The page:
One of the most promising announcements at Apple's "Spring Forward" event last month was the introduction of ResearchKit, an open-source framework that lets medical researchers tap into our iPhone addictions with apps that collect and study our health data. On Tuesday, Apple officially made ResearchKit available to all researchers and developers.

ResearchKit rolled out last month with institutions like Mount Sinai, Massachusetts General Hospital, and Stanford Medicine already on board. Those early ResearchKit partners developed apps for patients to track symptoms of diabetes, heart disease, Parkinson's disease, and breast cancer treatment aftereffects. Stanford's MyHeart Counts app, which studies heart health, saw 11,000 iPhone users sign up in one day.

More than 60,000 patients signed up to use those apps in the few weeks that they've been available in the App Store. Now that ResearchKit is open to all, more doctors and patients will be able to track all kinds of health data. The apps can do more than just collect your self-reported information, which can often be inaccurate. They can use the iPhone's GPS, accelerometer, gyroscope, and microphone to objectively track your activity and other critical health data points.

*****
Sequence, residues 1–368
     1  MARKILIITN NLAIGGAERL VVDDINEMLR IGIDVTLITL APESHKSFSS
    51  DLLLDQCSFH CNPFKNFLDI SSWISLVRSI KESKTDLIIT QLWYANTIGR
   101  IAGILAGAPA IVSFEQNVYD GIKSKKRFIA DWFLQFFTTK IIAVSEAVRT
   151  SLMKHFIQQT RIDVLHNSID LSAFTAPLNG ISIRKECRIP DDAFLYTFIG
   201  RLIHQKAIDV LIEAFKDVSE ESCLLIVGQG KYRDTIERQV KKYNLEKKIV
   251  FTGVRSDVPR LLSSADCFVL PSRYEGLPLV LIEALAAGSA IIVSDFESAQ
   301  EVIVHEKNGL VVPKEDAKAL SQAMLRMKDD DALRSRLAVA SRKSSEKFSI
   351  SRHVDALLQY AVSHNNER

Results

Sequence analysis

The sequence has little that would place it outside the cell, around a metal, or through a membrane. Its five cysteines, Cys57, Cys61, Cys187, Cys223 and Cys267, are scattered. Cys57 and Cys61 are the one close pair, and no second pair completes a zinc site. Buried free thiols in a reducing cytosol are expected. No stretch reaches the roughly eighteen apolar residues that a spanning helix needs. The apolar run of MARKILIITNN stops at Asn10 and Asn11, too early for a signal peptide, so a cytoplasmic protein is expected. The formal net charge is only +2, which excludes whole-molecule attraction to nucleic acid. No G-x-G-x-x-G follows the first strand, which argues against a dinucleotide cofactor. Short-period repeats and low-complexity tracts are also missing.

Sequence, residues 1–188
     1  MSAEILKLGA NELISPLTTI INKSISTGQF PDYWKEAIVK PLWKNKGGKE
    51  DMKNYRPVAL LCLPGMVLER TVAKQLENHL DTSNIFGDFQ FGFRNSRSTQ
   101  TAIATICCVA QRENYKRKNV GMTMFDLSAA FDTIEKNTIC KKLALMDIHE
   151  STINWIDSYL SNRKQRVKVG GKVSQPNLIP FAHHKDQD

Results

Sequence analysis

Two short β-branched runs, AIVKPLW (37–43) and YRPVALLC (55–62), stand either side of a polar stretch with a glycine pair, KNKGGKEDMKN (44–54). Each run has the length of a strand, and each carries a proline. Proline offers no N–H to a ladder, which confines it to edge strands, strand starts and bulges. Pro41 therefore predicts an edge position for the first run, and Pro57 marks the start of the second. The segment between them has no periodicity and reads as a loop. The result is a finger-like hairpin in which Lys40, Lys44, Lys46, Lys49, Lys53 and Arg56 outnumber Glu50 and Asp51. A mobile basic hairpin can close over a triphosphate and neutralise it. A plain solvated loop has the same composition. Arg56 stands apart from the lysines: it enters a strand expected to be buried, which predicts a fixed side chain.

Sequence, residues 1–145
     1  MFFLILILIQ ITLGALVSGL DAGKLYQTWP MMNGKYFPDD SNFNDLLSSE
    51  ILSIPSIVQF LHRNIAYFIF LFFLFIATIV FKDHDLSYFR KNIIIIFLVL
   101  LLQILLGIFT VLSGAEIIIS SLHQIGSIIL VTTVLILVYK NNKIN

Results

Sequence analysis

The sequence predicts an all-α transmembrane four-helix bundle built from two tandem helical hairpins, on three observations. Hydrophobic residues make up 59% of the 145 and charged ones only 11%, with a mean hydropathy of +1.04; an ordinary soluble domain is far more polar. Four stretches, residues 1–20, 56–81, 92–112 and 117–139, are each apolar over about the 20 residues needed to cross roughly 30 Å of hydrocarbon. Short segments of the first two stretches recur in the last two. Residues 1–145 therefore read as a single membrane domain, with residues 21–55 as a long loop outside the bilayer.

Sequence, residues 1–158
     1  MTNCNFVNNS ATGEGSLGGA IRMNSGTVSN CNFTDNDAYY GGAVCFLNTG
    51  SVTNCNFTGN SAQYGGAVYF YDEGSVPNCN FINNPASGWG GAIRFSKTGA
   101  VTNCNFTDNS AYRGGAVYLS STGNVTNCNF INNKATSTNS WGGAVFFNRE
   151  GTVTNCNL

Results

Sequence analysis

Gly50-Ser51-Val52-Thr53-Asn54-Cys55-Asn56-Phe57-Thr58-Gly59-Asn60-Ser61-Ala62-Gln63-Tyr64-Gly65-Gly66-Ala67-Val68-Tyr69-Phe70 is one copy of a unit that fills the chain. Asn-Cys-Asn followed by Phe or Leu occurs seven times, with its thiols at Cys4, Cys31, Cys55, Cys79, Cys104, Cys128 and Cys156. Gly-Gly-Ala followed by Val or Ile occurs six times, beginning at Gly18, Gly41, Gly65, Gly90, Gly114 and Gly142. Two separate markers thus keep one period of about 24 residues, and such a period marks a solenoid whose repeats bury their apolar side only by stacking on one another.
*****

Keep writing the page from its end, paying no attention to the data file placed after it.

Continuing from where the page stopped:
ResearchKit works with HealthKit to lift information from the Health app, so all of your third-party health and fitness apps are talking to each other (if you allow them to). To make sure your health data is secure, Apple is using IBM's new HIPAA-enabled Watson Health Cloud. Researchers can tap into IBM's data analytics to study the health information that is collected from patient's iOS apps and stored in the Health Cloud.

The goal of ResearchKit is to help doctors and scientists gather data from a larger pool of volunteers--ones that don't need to be paid. For now ResearchKit apps are only available in the U.S., but Apple plans to extend the initiative to other countries.